New Hampshire issues stay-at-home order as lawmakers worry about medical supply shortage


New Hampshire Gov. Chris Sununu is directing residents to stay at home and for all non-essential businesses in the Granite State to close by midnight Friday.

“These are tough decisions, they really are,” Sununu said Thursday. “But at the end of the day we know that the worst may still be ahead of us. It will take sacrifice, but New Hampshire is resilient and we will get through it.”

Sununu’s decision to issue the stay-at-home order came one day after 200 New Hampshire House Democrats sent a letter urging the governor to take action.

Meanwhile, Senators Maggie Hassan and Jeanne Shaheen held a telephone town hall Thursday evening to discuss what they say is a critical shortage of medical and other supplies. Earlier this week, Hassan and Shaheen wrote to FEMA and the Department of Health, saying that much of the supplies they have received is either expired or unusable. For instance, more than 16,000 gloves could not be used due to latex allergy concerns.

During the town hall, an essential employee asked them when more ample supplies might become available.

“We are trying to do everything from supporting local innovators and businesses trying to meet needs here as well as push the administration to use its authority more effectively,” Hassan said. “I share your frustration, and it’s really important you all keep speaking up I know when you’re on the frontlines it’s kind of the last thing you should have to do, but it really does make a difference when you’re speaking up.”​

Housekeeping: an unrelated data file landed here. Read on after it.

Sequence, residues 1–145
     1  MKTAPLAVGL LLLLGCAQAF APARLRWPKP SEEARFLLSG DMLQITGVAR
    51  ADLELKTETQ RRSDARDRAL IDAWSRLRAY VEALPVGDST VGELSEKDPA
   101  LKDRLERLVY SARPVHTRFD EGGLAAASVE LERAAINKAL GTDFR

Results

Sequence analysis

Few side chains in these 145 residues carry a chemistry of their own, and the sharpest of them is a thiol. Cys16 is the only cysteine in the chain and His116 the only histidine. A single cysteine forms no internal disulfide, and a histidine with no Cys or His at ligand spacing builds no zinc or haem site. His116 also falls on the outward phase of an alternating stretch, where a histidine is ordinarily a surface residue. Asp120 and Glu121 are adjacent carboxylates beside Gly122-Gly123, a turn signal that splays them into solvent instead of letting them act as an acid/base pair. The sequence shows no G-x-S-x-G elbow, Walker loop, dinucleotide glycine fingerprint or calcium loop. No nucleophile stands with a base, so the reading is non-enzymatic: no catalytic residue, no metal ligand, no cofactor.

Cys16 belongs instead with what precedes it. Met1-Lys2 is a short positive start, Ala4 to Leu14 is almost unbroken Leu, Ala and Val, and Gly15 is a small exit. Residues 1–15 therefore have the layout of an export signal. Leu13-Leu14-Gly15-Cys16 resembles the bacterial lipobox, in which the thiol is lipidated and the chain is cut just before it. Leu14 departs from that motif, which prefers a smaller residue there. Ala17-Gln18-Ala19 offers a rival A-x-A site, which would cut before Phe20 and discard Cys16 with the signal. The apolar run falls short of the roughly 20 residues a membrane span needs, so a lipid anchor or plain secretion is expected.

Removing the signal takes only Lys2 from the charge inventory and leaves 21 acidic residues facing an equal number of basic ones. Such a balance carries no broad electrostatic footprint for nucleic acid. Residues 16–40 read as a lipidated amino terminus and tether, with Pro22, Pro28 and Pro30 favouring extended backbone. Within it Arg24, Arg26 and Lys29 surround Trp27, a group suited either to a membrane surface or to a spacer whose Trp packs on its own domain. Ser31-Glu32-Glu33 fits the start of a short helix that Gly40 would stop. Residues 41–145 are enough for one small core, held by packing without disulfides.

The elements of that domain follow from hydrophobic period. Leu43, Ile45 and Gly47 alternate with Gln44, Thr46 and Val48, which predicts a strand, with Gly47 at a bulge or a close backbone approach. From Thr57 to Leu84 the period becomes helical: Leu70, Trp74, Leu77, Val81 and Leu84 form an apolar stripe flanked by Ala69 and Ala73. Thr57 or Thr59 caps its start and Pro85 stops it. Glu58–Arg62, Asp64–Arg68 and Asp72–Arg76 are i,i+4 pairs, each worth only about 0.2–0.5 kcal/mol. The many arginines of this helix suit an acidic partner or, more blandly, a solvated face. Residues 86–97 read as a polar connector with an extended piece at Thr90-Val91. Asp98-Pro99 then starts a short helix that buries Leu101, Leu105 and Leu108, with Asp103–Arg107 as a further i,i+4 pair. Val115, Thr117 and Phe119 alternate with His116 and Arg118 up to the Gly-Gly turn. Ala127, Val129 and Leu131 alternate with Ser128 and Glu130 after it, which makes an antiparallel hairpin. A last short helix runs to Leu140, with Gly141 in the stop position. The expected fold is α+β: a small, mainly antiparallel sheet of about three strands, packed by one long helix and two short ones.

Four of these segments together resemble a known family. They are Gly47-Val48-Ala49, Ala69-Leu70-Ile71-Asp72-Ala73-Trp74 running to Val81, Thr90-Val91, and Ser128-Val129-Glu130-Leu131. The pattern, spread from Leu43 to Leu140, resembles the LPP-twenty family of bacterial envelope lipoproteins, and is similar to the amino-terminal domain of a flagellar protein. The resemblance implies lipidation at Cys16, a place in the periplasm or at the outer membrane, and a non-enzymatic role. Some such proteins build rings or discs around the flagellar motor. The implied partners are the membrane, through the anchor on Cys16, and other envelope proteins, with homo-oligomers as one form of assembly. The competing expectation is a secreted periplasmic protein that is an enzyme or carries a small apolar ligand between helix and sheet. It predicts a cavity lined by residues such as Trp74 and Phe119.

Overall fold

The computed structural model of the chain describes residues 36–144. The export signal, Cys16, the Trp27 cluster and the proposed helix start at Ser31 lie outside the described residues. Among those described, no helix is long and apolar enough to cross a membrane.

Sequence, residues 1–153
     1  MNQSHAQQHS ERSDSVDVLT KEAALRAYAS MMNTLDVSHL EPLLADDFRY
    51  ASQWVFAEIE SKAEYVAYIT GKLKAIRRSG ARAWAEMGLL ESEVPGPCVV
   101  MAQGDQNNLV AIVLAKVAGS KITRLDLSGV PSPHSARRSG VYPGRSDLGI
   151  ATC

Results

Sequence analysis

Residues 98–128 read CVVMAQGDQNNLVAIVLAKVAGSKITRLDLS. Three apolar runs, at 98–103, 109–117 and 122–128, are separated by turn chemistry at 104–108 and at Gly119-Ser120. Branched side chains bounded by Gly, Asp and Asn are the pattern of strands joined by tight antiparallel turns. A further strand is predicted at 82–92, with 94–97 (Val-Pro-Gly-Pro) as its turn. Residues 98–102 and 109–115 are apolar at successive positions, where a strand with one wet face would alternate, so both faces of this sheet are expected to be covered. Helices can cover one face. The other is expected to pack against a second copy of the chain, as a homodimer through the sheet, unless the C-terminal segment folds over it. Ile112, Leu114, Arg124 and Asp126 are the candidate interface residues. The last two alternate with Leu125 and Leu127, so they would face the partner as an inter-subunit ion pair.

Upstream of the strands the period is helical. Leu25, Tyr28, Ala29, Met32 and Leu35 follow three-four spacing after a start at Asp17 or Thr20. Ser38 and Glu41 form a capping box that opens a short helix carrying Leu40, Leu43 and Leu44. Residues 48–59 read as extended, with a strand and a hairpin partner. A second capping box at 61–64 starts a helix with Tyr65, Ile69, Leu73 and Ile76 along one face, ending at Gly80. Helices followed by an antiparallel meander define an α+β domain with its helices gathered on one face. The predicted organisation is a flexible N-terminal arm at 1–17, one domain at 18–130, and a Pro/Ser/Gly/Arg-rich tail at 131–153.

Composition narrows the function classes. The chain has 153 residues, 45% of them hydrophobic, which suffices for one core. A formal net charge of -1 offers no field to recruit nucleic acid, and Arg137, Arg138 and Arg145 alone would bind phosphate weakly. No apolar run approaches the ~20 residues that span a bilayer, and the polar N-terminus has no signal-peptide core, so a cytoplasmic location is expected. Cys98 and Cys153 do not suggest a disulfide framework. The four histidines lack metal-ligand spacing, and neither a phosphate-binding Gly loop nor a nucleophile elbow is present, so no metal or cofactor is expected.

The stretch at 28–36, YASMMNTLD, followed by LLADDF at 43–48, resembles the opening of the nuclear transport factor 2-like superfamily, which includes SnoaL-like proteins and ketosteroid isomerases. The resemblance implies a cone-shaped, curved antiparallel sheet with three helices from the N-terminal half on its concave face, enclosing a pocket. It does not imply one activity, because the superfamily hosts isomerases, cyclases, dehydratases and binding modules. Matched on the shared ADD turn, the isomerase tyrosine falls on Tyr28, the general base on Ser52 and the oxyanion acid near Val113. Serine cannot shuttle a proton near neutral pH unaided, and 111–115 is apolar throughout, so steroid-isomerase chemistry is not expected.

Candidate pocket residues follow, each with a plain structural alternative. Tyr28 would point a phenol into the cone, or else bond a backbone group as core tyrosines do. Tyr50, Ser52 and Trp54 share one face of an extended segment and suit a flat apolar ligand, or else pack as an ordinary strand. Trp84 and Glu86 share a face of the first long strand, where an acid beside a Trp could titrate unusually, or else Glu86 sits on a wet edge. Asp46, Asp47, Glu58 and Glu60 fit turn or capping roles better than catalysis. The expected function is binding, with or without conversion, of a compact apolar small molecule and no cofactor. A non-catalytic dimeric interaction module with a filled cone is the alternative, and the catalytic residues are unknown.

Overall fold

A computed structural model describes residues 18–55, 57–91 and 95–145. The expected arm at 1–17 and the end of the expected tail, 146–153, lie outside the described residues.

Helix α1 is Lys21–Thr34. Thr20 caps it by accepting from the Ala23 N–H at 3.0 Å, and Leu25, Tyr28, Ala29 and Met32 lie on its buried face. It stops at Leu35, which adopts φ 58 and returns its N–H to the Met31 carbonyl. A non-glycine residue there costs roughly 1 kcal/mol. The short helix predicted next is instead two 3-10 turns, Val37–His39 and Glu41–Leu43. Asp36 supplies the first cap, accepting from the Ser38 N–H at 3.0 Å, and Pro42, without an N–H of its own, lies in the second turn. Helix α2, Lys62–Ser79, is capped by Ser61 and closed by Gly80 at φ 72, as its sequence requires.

The $2 trillion relief package passed by the U.S. Senate would send $1.25 billion to New Hampshire for response efforts.

Another Granite State resident who called in to the town hall was skeptical that a single $1,200 boost to get through the pandemic would be nearly enough. He wondered if other efforts are in the works.

“When we left after the vote last night, many of us looked at each other and said, ‘Let’s see how fast we can get this implemented so we can get help out there, and if we have to come back, we’ll come back and revisit what people need,'” Shaheen said “So, I think the answer is yes.​”

It was also announced on Thursday that New Hampshire’s legislative activity suspension has been extended through May 4. The State House and legislative office building will remain closed to lawmakers, staff and visitors.

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